I believe that simple is best, so I’ll try to summarize as briefly as possible, the ironies, from a simplicity/frugality/environmental standpoint, that I witnessed.
Here’s what was not cool:
1. There is trash everywhere. Public trashcans were difficult to find or non-existent. I asked the driver of our car one day what I should do with a gum wrapper and water bottle I had, and he told me he’d take care of them. I found them later on the street in front of the house. Not quite what I meant. So I started saving my trash and throwing it out in the house. Then I realized that the man who took care of the house was burning it all every morning. Not sure that’s super healthy. There was a super smelly impromptu landfill that had sprung up about 2 miles from where we were staying. The trash that was officially collected from that side of town was being dumped here because the official landfill was too far away, and well, nobody had complained.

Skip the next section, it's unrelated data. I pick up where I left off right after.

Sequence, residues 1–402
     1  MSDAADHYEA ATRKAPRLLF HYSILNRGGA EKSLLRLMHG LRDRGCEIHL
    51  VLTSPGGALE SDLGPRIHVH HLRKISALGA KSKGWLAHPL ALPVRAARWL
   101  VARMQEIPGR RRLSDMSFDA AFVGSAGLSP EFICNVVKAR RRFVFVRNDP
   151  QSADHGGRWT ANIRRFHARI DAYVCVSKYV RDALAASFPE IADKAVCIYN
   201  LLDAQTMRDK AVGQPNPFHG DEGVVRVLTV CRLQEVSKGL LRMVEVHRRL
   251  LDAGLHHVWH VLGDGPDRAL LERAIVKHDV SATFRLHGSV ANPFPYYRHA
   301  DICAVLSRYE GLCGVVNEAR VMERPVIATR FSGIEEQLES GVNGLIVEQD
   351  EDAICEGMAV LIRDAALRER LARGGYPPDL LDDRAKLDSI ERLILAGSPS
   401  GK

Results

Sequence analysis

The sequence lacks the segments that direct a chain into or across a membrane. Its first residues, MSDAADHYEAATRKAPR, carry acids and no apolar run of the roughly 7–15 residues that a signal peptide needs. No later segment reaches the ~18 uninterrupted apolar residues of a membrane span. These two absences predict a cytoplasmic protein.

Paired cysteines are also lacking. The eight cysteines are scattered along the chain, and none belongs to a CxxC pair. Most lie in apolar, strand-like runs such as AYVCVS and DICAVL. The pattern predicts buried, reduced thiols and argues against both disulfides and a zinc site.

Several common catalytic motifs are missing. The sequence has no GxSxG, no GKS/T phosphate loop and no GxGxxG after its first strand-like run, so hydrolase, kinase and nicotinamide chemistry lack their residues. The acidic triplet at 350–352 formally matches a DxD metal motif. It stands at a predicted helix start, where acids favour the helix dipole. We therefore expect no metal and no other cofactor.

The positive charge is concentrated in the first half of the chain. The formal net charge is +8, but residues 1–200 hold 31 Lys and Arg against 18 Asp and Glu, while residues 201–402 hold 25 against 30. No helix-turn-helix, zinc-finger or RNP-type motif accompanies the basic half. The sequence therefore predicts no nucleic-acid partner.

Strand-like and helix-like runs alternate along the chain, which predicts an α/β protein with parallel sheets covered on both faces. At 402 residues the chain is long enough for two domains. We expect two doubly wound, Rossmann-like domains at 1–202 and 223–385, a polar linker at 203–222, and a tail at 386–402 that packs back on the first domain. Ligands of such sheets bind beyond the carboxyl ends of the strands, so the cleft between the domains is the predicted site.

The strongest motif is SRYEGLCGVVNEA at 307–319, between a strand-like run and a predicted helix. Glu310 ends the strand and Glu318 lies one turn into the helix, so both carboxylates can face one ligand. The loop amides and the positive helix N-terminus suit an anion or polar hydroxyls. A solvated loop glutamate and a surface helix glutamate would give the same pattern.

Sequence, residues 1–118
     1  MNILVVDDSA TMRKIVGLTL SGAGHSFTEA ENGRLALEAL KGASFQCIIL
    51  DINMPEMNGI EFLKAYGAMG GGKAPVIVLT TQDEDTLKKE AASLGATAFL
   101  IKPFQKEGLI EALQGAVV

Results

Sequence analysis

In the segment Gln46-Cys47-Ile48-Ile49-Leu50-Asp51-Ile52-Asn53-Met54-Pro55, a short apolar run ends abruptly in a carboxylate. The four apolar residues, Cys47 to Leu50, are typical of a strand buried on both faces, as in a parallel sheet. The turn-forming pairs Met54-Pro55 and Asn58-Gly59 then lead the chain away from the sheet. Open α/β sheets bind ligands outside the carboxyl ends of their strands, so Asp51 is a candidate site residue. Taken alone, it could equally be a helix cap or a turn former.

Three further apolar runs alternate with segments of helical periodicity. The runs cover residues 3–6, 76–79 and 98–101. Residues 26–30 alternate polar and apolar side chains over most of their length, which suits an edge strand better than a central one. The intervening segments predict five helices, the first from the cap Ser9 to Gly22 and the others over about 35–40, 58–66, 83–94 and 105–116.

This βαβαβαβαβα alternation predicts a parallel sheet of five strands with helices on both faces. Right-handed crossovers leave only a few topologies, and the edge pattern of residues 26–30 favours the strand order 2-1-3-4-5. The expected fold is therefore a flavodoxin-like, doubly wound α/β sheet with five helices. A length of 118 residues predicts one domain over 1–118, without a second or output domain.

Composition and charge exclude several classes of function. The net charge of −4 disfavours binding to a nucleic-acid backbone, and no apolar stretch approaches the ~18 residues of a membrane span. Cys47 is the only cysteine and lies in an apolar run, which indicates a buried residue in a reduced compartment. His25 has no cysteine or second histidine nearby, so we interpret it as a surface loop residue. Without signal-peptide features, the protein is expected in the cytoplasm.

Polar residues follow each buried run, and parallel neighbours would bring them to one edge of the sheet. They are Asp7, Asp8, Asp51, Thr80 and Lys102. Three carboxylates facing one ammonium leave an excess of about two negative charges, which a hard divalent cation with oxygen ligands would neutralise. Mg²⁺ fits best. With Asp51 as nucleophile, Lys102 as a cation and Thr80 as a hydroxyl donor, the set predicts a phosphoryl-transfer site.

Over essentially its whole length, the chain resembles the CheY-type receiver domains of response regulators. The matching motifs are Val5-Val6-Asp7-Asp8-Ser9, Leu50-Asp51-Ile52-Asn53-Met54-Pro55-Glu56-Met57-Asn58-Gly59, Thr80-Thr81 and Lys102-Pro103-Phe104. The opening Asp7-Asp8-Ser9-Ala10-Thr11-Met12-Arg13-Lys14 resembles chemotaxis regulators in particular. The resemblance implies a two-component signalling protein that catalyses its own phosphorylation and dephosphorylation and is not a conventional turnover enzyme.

2. I didn’t see a single way to recycle anything the entire time I was there.
3. Air pollution is a major problem. It was often hard to breath, and I could never get my face to feel clean for more than half an hour at a time.
Here’s what was awesome:
1. Everybody eats local. There’s not really much choice. Most people still buy their produce from vendors on the side of the road, and those guys only sell what they’ve harvested recently. I’m worried that as the middle class grows, this may begin to change. Grocery stores are just starting to spring up everywhere, and the huge conglomerate is not something that only exists in North America (check out Tata or Birla). I was glad to hear my MIL say that she still goes out of her way to buy things from the local shop owner when she can because she knows it’s getting more difficult for them to make it with big corporate competition. I hope more people feel the same way.